8. The media is failing to report what the effects of removing $130 million from our local economy every year will do to those who are unemployed or low income earners. The effects of removing that much money from the local economy will have far reaching impacts on the most vulnerable in our society. For the sake of the poor and underemployed please vote against this ill-conceived bill.

  9. That is some of the most ridiculous logic I have seen Coryclassic. Thanks for the laugh!
    (and don’t forget to vote YES, for the sake of the poor and underemployed who use Metro to get around).

  10. Bruce ,
    You live in Ballard own five cars but you can’t afford 5 x 20 =$100…

    I think you’re a troll who lives at home with mom and drives her ( one ) car.

  11. I’m voting Yes, because although I have the luxury of choosing whether to drive to work or bus, I use public transportation 95% of the time. It’s more environmental, helps with traffic congestion, and it’s flexible.

    I fear that if Prop 1 doesn’t pass, it will make lives harder for those whose ONLY option to get to work is to use Metro buses and those who are disabled and elderly.

    I hope the rest of Seattle feels the way I do.

  12. Although our economy here in Ballard is booming, the local economies of other neighborhoods in King County have not been equally fortunate. For the most part, the removal of so much money from our economy won’t have a major impact here but it will in other places where unemployment is still a problem.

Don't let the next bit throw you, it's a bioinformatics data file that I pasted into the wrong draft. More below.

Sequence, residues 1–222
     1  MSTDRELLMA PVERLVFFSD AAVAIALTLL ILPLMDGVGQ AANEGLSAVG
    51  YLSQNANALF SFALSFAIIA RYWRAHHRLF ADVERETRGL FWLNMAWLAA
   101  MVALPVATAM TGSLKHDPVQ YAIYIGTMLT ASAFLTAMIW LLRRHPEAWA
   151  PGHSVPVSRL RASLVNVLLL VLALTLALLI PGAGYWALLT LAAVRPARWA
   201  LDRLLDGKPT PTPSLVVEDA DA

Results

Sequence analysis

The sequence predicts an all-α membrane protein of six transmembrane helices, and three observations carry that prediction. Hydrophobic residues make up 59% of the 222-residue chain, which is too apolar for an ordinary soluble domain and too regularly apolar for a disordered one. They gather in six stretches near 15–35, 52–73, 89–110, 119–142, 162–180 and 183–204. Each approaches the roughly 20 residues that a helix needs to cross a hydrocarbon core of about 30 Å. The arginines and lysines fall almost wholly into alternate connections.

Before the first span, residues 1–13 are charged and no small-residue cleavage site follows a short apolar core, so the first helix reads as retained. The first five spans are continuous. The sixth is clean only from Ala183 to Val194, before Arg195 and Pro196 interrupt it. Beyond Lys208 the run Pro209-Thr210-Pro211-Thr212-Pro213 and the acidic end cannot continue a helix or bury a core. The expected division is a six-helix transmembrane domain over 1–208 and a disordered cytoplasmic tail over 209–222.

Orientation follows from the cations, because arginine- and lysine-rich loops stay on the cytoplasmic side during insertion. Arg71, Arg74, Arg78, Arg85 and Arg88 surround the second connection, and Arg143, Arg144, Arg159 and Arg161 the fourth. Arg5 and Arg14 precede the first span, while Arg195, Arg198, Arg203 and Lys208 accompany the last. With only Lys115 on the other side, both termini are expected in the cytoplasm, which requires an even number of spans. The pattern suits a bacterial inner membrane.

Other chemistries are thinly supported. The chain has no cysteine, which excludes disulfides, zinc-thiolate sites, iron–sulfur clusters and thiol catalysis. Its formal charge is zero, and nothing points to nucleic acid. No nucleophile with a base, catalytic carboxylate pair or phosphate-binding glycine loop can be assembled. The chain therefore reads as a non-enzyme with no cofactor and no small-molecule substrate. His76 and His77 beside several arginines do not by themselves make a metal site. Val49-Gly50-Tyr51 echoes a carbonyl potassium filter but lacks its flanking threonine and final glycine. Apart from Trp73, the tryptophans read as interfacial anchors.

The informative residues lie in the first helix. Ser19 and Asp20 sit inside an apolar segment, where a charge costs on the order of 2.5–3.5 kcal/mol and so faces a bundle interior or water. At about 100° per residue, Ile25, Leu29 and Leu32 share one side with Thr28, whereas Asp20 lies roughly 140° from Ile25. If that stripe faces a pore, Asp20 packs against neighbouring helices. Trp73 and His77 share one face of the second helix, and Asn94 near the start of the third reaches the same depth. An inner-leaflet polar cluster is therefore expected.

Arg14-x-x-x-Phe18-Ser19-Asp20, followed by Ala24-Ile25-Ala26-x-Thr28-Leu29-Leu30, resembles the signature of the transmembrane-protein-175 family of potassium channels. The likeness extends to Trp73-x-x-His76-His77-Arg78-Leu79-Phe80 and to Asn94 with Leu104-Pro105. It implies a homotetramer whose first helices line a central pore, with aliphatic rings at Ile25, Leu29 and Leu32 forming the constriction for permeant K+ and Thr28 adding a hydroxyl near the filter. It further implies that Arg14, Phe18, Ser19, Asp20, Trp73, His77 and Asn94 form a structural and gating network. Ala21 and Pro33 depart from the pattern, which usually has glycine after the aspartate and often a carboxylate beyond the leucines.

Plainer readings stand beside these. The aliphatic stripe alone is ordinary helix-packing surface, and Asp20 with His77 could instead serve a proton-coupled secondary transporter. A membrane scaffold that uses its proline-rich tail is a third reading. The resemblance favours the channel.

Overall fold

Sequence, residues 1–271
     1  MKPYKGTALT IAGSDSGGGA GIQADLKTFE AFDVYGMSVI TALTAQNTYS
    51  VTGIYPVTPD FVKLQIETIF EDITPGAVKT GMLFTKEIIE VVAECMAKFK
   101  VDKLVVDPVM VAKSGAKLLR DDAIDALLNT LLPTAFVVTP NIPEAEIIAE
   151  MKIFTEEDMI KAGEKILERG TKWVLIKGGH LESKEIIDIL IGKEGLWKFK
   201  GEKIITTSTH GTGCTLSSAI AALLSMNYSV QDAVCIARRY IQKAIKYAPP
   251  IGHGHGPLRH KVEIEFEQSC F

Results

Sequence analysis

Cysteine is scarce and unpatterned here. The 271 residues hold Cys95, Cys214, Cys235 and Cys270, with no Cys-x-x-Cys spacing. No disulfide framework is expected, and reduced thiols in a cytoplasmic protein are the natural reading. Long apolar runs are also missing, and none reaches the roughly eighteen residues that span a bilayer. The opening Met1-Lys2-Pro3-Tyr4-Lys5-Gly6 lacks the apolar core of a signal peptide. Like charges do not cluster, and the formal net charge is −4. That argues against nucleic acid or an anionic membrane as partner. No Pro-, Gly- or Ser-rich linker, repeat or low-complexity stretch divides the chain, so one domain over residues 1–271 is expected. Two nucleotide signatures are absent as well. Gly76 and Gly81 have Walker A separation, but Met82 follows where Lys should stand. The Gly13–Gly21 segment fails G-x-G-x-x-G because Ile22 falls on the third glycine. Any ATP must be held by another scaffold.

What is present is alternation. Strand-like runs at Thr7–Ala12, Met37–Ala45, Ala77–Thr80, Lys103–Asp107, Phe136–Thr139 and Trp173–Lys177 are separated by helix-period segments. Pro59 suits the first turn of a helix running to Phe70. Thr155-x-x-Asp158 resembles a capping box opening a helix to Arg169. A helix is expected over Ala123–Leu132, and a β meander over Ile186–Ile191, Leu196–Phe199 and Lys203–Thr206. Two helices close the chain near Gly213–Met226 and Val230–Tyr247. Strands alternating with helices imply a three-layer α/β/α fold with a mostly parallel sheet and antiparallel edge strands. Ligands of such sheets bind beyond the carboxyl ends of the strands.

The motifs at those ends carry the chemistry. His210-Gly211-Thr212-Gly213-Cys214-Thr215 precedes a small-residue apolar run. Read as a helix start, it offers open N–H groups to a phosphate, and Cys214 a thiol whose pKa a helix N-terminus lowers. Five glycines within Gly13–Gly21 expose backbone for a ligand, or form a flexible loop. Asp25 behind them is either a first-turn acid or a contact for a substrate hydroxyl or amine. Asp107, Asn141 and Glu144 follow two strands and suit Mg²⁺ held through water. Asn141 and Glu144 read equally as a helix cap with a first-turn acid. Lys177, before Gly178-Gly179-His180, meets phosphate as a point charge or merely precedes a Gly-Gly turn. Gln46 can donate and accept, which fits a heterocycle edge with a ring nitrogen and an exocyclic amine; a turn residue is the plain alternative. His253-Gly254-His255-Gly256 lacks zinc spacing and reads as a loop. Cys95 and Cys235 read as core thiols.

I would at least like to see some attempts at reform. It is too easy just to turn to the people for more money without realizing the negative effects that has on the low income earners. I do not own a car so it doesn’t directly impact me but it is definitely a factor employer’s use when deciding where to locate a new business.

    That being said if they can use the money they have more efficiently it can actually increase the likelihood of an employer moving to King co. This is what we should be attempting first.

  13. @Coryclassic, reforms sound nice, and King County Metro has done a lot of them, as highlighted by the Seattle Transit Blog: